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Feedback Night – Wednesday 13th March 2024

Where did I go to on Wednesday night? Everywhere. From 1970s discos to the murderous streets of Glasgow via magical worlds hidden behind mirrors and everywhere else in between. The usual Ayr Writers’ Club night, then.

On this occasion, in a departure from the original programme, a feedback night for the group’s members.

One of the problems with writing is you have no idea if any of your work makes sense or is of any interest to anyone else. Opportunities to find this out can be limited. Is it worth pursuing another 100,000 words of that novel written entirely without vowels? That is where the feedback nights come in. Probably my favourite nights. Baring your soul in public has the potential to end quite badly – there is probably a good reason novels are written with plenty of vowels, for example. However, everyone is in the same boat, and what feedback there is, is offered in the spirit of helping others improve.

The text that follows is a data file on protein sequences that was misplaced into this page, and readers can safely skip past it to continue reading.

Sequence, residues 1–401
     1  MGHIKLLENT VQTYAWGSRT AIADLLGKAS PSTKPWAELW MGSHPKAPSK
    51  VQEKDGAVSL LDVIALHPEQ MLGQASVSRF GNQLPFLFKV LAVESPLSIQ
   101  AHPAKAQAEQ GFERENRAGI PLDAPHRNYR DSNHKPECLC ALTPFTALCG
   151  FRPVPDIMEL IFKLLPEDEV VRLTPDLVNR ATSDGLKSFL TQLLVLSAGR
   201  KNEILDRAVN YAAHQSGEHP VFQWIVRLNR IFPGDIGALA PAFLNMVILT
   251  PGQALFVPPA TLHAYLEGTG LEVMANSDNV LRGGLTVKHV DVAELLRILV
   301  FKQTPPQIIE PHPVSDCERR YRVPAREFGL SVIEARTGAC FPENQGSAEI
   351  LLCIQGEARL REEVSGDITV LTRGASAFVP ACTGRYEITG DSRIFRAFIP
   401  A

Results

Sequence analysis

For me, the value in obtaining feedback lies in opening the eyes to possibilities that had not occurred to the writer. For example, I had brought along the first 1,000 words of a crime novel – an ideal opportunity to get some feedback ahead of the club’s monthly competition. Someone suggested changing it from a novel into a screenplay format. I have no idea why this did not occur to me – generally, screenplay writing is more preferable to me than writing prose and my piece is heavy on dialogue. Sometimes we are blind to what is obvious to others.

Had Robert Burns been in town on Wednesday night, he would probably have appreciated the chance to discuss his work. Maybe this is what he was thinking when he wrote:

“O, wad some Power the giftie gie us
To see oursels as others see us!
It wad frae monie a blunder free us,
An’ foolish notion.”

Fortunately, not a lot of blunders or foolish notions were evident, but a lot of ideas floating around to make everyone’s writing just that little bit better.

Andy Fairie

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